The UK is currently trialling a rapid Covid-19 lateral flow swab test in Liverpool.

In a previous discussion with NS Medical Devices, DnaNudge co-founder and CEO Professor Chris Toumazou explained that his own technology – a lab-on-chip RT-PCR test – is not the “moonshot” effort the government is looking for to enable mass testing, but that the lateral flow test is likely to be that candidate.

The announcement that it will be trialled in the Northern city appears to vindicate his prediction, although the test will be deployed alongside traditional RT-PCR assays as well as other newly-developed tests.

Here, we take a look at what a lateral flow test consists of and how effective it is at detecting the SARS-CoV-2 virus that can manifest as Covid-19.


What is a lateral flow test?

The lateral flow assay is a paper-based platform for the detection and quantification of analytes – the scientific name for the substance being analysed in a sample – in complex mixtures.

A variety of biological samples can be tested using a lateral flow test, including urine, saliva, sweat, serum, plasma, whole blood and other fluids.

The sample, in the case of Liverpool’s trial a swab of the nose or throat, is placed on a test device and the results are displayed within 15 to 30 minutes.

During the test, specimen extracts are applied to the test cartridges, and if there is a Covid-19 antigen in the extract it will bind to the SARS-CoV-2 monoclonal

When passing the test line on absorbent paper, the complex is captured by the SARS-CoV-2 antibody,  resulting in colouring that reveals whether or not the virus is present in the person being tested.

A control line is also present to indicate the proper liquid flow through the strip and the read-outs can be assessed by eye or using a dedicated reader.

The most common use of lateral flow testing is in diagnostics for pregnancy, which tend to test for the human chorionic gonadotropin (hCG) hormone present in urine if a woman is pregnant.


How effective is the test for diagnosing Covid-19?

Low development costs and the ease of producing lateral flow tests have resulted in the expansion of their applications to multiple fields in which rapid tests are required.

The tests are widely used in hospitals, physician’s offices and clinical laboratories for the qualitative and quantitative detection of specific antigens and antibodies, as well as products of gene amplification.

As noted, the test given in Liverpool will be based on a nose or throat swab, similarly to the commonly-used RT-PCR test that’s seen as the gold standard for its accuracy.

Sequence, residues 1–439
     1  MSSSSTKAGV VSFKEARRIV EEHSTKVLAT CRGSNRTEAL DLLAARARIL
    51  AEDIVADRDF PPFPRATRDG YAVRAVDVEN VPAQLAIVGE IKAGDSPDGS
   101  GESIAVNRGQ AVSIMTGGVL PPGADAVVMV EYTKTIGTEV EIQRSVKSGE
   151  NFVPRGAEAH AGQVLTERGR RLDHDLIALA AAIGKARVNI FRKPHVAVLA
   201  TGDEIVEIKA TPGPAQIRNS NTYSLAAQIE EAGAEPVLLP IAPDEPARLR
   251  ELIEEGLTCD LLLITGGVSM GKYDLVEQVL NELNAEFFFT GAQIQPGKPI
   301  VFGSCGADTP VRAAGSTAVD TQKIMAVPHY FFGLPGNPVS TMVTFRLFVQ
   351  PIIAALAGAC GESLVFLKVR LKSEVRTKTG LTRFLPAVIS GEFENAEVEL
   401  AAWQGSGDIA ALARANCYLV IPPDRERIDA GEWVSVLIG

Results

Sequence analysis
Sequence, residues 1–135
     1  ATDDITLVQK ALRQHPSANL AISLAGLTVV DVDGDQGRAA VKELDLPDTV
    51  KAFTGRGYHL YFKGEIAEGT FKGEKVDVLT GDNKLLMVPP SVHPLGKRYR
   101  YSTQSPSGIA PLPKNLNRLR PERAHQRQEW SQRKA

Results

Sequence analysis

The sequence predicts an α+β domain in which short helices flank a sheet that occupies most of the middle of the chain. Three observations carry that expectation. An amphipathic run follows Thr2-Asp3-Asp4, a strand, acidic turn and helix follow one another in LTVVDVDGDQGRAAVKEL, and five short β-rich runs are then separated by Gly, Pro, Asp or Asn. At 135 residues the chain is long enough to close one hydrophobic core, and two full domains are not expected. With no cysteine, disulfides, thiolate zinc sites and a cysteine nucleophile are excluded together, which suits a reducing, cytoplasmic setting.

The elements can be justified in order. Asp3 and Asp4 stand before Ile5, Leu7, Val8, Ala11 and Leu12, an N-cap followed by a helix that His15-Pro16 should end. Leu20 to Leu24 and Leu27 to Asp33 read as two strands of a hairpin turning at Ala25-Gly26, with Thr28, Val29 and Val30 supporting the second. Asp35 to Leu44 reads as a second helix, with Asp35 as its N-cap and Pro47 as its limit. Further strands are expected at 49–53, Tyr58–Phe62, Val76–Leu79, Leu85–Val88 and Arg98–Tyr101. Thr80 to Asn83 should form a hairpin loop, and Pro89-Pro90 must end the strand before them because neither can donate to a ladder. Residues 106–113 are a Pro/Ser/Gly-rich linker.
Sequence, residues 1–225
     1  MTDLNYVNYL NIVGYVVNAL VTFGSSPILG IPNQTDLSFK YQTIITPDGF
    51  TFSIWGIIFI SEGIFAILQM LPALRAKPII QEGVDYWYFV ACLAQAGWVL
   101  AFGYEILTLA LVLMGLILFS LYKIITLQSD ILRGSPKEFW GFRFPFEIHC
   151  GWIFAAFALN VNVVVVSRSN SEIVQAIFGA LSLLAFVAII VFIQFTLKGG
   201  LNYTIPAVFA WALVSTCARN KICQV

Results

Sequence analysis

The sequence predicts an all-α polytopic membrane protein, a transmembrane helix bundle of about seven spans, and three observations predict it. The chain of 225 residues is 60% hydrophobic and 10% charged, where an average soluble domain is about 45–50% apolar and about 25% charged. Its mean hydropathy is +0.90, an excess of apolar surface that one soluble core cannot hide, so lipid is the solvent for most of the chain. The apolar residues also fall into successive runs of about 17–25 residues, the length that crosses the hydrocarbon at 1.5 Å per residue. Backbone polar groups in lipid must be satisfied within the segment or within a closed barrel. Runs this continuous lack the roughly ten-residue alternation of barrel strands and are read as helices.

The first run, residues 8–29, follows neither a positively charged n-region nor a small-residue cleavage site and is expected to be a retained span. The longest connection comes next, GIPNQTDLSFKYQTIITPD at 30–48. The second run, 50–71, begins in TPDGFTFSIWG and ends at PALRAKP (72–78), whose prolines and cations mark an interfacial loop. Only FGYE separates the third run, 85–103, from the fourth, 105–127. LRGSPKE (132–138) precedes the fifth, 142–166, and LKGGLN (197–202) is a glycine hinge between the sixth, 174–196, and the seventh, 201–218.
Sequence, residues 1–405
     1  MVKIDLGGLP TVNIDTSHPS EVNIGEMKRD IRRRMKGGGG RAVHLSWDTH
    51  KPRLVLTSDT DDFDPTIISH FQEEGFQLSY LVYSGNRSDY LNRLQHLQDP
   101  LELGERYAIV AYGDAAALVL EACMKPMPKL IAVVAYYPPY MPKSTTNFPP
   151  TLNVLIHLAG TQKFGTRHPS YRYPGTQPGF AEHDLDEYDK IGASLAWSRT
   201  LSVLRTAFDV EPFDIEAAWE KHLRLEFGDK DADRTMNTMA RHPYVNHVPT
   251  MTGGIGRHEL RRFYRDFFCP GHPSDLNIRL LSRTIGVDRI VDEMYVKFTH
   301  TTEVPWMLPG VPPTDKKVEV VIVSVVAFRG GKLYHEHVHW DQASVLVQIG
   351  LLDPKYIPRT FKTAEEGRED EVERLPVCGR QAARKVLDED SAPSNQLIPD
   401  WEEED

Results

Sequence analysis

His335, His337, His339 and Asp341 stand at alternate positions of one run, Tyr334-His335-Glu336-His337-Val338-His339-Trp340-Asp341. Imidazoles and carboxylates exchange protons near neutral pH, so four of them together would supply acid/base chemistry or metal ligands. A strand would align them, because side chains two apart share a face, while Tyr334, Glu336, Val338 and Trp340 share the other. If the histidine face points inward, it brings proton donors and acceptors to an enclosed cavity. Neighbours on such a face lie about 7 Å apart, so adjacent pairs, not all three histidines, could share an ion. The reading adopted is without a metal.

The difference with the lateral flow test, as noted by Toumazou, is that it can be much less accurate than RT-PCR.

“The closer you are to breaking the conflict between speed and accuracy the better, and unfortunately with some of these new technologies, that trade off will be there,” he says.

The documentation attached to the lateral flow test from Innova Tried and Tested – the company supplying 20 million tests in Liverpool – claims it has an average sensitivity rating ranging between 88.75% and 99.17%.

But the lack of steps taken to amplify the viral load – a key advantage of RT-PCR – means that sensitivity could be even lower depending on factors like how long somebody has been infected by SARS-CoV-2.

This makes it especially difficult to identify those who are asymptomatic despite being infected, which is why experts have criticised the government for announcing its use as a tool for mass testing after validating its use through trials in school and hospitals across the UK.

Speaking to the British Medical Journal (BMJ), Jon Deeks, professor of biostatistics at the University of Birmingham and lead author of a recent Cochrane review of covid-19 antibody tests, said: “These are initial validation studies and should not be the basis for national decision making . . . Boris [Johnson] described these as tests of whether you are infectious, but there is no mention of infectiousness in the protocol; they are assessed as tests of infection not infectiousness.”

The government’s plan in administering the lateral flow test in Liverpool is to quickly diagnose as many people as possible as quickly as possible so they can isolate and prevent the spread of the virus.

Despite the concerns around the test’s sensitivity, which is likely to result in a lot of false negatives, it’s still the opinion of some experts that a mass testing programme administered as soon as possible will help reduce the spread.

Although he told the BMJ the details of such an operation are “thin on the ground”, Simon Clarke, associate professor of cellular microbiology at the University of Reading, said mass rapid and effective testing and isolating of infected people “really is the best way for the country to get out of this nightmare.”